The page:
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Residents take pride in decking out their homes and yards with festive – and often elaborate – displays

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The story of one of the numerous Hancock County homes decorated for the holidays pictured here.


GREENFIELD — They call it the Ruby Forest.

For the holiday season, the front yard of Greg Chaney’s Greenfield home in the 500 block of North Windswept Road has been transformed into a winter wonderland, complete with 21 trees of varying sizes in shades of red and white.

Chaney said he has always enjoyed a good light display, but he’s never made an attempt at a theme for his own house before now.

“This is my first year of really getting kind of crazy at it,” he said. “I’m kind of a techno geek anyway.”

His brand of crazy includes a 20-foot tree fashioned from the top of his flag pole and 10,000 bulbs lighting the front-yard forest display. He installed two exterior circuits just to accommodate the lights.

Chaney said compared to some, his setup is conservative. But he believes in keeping his holiday decor tasteful – not to mention affordable.

“That’s why I haven’t really done the computer animation, because that requires a healthy investment,” he said.

Instead, Chaney has found spiral trees and many of his other decorations at Goodwill.

Chaney is a member of the Indiana Christmas Enthusiasts, which he jokingly calls “a group of crazy people.”

At the group’s last convention, one of the speakers talked about the benefits of having a themed display. And so, the Ruby Forest was born.

Some of Chaney’s trees are nothing more than tomato cages wrapped with chicken wire and Christmas lights. He turned off the green lights on some of his strands in order to keep to the color scheme.

Chaney purchased the tomato-cage trees from a fellow member of the Indiana Christmas Enthusiasts after the man told members he’d have to scale back his décor because of medical issues.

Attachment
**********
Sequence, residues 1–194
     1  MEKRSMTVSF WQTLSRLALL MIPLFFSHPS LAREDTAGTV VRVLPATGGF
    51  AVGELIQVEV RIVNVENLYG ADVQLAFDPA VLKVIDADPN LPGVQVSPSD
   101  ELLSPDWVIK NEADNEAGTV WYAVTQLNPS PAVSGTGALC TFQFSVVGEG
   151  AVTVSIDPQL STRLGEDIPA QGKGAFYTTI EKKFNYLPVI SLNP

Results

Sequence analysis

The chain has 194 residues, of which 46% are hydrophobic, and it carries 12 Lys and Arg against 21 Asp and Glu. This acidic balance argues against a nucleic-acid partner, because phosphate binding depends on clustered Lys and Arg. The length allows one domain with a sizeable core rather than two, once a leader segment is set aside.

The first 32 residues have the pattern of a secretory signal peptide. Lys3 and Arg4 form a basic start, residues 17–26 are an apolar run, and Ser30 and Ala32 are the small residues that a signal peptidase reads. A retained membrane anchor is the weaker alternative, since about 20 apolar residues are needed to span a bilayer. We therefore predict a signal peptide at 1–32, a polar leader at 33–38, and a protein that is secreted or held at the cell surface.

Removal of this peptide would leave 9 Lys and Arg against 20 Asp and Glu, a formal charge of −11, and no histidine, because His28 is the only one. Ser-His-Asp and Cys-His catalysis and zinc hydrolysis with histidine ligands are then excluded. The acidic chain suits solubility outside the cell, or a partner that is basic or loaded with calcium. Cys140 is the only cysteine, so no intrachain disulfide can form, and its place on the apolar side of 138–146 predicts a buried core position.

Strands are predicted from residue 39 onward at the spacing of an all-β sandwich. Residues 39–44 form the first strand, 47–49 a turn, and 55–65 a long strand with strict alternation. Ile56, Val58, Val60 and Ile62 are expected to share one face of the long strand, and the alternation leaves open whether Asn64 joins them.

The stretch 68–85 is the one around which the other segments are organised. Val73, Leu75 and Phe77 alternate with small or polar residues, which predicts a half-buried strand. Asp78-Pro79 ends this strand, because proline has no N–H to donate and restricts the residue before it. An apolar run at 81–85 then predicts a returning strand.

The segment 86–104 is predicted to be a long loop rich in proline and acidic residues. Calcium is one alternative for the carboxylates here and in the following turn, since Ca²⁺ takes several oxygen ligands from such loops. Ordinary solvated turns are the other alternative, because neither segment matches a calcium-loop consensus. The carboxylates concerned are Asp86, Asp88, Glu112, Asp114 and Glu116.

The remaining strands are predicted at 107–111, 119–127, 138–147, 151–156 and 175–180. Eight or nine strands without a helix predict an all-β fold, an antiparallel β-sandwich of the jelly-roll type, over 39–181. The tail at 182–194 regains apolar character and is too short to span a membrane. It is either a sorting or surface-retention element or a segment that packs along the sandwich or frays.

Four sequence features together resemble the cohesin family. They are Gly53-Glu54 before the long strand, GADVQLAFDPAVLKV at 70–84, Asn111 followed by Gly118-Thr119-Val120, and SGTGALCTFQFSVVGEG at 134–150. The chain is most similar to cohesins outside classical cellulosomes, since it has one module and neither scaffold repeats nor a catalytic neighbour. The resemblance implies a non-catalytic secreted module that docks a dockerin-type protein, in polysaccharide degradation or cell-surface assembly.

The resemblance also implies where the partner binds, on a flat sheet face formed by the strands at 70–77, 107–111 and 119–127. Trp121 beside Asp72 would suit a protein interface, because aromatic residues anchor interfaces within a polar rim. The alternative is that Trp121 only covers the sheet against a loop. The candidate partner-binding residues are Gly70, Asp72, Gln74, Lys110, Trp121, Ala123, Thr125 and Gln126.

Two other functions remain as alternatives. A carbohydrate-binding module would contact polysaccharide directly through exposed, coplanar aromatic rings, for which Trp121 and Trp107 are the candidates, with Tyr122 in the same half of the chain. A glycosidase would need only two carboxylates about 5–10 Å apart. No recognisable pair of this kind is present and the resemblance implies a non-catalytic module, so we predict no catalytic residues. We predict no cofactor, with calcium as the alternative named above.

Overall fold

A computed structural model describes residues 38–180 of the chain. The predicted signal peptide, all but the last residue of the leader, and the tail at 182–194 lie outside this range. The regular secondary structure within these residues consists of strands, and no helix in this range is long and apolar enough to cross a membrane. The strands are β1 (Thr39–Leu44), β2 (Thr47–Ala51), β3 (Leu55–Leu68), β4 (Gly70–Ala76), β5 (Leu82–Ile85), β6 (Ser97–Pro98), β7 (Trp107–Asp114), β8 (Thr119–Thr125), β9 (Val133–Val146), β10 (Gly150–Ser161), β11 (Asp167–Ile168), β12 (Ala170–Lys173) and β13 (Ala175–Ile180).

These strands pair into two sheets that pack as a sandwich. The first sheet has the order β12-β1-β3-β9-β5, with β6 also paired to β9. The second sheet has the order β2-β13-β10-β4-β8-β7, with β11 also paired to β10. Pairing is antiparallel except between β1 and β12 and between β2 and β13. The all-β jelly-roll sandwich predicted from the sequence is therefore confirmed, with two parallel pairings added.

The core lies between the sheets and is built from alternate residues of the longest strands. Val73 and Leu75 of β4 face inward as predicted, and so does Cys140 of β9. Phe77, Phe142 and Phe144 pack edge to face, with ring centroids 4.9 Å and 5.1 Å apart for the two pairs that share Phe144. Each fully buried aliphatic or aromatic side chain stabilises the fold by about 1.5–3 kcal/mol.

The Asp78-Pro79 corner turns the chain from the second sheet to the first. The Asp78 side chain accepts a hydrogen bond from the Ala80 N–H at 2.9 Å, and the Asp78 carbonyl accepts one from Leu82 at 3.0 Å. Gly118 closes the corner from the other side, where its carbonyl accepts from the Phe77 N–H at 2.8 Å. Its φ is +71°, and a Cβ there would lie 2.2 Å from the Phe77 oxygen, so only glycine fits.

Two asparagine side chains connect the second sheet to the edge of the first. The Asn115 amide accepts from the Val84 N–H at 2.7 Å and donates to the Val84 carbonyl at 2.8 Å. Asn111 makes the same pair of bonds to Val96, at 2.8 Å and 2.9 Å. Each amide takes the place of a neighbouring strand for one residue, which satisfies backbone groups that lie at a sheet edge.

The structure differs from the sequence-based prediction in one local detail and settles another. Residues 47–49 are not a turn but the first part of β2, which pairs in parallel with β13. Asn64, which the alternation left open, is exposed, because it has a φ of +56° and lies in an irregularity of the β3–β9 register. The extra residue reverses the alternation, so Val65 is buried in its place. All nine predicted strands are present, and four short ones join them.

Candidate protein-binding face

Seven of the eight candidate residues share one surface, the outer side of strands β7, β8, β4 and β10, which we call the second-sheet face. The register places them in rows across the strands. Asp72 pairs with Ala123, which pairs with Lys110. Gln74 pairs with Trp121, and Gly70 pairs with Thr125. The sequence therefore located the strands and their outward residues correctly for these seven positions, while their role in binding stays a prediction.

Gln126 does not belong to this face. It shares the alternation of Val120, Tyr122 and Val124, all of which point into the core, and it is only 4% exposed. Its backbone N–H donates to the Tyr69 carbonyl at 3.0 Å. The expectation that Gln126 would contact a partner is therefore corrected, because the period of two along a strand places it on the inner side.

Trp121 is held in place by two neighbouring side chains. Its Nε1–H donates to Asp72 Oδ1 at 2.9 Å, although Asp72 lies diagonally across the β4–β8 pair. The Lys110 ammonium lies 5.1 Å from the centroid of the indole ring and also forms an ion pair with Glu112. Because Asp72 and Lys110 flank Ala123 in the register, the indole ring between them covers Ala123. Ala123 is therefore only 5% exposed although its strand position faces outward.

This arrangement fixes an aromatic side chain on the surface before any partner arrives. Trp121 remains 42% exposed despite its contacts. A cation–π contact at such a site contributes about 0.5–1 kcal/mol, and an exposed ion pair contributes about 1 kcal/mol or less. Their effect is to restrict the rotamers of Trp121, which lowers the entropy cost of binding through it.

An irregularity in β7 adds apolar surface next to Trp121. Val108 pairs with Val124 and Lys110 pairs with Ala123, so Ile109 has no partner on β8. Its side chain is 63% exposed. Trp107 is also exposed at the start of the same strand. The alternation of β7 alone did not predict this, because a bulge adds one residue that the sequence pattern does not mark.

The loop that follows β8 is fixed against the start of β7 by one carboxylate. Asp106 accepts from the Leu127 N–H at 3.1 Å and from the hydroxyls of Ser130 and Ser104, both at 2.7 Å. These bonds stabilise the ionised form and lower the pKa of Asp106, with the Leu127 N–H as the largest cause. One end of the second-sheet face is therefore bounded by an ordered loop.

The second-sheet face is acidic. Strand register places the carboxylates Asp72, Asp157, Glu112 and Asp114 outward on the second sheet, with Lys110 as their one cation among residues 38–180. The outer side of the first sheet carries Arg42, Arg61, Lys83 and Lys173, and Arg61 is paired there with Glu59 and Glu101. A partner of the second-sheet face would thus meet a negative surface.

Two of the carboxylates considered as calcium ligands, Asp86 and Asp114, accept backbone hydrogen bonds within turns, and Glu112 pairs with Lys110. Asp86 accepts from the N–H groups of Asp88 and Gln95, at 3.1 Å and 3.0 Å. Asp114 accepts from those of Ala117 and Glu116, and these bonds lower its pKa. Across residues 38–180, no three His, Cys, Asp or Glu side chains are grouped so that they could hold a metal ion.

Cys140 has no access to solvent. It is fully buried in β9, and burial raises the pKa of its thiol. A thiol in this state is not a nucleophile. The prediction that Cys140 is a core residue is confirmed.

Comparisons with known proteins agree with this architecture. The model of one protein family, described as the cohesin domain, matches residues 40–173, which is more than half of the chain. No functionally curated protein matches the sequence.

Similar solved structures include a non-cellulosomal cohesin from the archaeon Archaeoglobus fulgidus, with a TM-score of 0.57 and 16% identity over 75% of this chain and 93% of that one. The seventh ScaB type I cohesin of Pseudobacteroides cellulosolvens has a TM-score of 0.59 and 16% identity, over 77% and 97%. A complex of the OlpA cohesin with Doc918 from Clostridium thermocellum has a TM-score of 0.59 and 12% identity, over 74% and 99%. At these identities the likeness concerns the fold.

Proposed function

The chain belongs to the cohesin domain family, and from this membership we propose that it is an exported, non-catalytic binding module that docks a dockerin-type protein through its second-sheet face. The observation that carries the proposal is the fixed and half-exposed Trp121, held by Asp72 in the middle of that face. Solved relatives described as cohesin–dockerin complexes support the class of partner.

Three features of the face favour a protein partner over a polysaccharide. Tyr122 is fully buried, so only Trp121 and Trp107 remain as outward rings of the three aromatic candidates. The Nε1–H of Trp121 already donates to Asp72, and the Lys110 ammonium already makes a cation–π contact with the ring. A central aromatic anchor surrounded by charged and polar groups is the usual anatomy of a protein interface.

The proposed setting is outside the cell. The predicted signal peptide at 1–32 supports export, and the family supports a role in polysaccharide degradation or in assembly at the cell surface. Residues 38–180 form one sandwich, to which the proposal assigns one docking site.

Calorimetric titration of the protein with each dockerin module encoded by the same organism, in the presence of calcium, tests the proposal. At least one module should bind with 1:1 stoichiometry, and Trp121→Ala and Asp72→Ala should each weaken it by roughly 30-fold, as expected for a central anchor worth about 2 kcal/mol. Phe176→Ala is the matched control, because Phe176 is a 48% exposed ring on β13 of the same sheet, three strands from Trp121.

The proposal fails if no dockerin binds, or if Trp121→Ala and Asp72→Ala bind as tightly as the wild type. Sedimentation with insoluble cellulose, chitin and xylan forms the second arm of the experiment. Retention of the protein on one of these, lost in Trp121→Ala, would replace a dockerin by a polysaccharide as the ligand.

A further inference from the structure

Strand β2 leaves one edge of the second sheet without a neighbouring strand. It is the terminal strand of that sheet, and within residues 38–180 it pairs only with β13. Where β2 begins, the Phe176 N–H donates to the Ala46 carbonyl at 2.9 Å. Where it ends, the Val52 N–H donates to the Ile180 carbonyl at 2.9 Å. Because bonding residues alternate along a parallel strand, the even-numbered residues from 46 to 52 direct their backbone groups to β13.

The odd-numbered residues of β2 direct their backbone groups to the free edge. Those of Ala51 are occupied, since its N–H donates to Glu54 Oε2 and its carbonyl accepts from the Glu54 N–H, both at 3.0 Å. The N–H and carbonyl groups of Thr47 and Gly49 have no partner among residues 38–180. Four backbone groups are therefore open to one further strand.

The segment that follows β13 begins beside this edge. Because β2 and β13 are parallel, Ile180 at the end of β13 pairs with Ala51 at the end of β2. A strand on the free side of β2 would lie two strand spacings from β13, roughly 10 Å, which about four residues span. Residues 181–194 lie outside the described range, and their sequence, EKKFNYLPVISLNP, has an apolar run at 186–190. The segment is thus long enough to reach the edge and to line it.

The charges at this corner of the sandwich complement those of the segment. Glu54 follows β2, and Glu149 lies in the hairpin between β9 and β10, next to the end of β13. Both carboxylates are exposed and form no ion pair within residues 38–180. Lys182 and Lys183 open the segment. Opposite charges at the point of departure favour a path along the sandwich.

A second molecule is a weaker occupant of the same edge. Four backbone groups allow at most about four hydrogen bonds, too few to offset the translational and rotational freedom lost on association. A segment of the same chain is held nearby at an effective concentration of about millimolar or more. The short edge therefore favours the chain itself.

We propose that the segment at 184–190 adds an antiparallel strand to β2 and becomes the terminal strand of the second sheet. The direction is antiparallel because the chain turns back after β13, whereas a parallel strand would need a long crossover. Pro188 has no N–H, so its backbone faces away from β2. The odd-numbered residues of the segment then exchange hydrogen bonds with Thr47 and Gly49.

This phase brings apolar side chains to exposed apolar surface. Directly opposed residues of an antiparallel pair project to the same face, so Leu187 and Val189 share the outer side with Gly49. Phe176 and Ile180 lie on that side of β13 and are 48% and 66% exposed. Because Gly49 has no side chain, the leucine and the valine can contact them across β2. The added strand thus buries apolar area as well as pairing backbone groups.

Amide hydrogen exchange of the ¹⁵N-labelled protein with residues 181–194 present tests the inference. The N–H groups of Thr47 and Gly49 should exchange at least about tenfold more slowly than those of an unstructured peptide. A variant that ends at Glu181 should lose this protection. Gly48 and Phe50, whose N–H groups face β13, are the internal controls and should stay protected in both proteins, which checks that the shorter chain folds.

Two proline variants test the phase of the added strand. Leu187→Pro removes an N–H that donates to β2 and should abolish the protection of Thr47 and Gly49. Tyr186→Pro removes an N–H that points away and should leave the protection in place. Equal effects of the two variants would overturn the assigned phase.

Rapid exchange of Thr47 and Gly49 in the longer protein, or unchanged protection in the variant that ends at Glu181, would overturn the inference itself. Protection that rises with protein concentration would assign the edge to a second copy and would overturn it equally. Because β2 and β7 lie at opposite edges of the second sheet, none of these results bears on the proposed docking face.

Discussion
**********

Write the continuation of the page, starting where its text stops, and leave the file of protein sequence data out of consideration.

“His doctor told him his heart couldn’t take his Christmas display,” he said. “I bought as many as would fit in my pickup truck.”

Chaney said his wife, Janet, is almost embarrassed by his enthusiasm, but she came around.

“You know, he didn’t even ask me, he just did it,” she said. “I came home and it’s like, ‘Oh, my goodness.’

“But it’s pretty. He’s very proud that he has a theme.”

Janet’s one request was that her husband maintain the family’s tradition of attaching a lighted star to the top of his 55-foot radio tower.

Each year, the highest point of the display has to be redone, thanks to lightning strikes and other unexpected calamities, she said.

“It has to be done almost every year because the star never survives,” she said.

The couple’s daughter, Kathleen, 21, is home on break from college at Anderson University, where she is studying psychology. She has enjoyed the transformed front yard.

“I think it’s really awesome,” she said. “I just think Christmas lights are really fun. It’s kind of nice to come home from school, and the whole yard is lit up.”

Chaney already has his mind on what he might do next Christmas. Before the season is over, he expects to drive around the neighborhood and poach any exceptional ideas.

“It seems like there’s a lot more people doing a lot more stuff,” he said. “Everybody has the same goal, to try to put on the best shows possible.”

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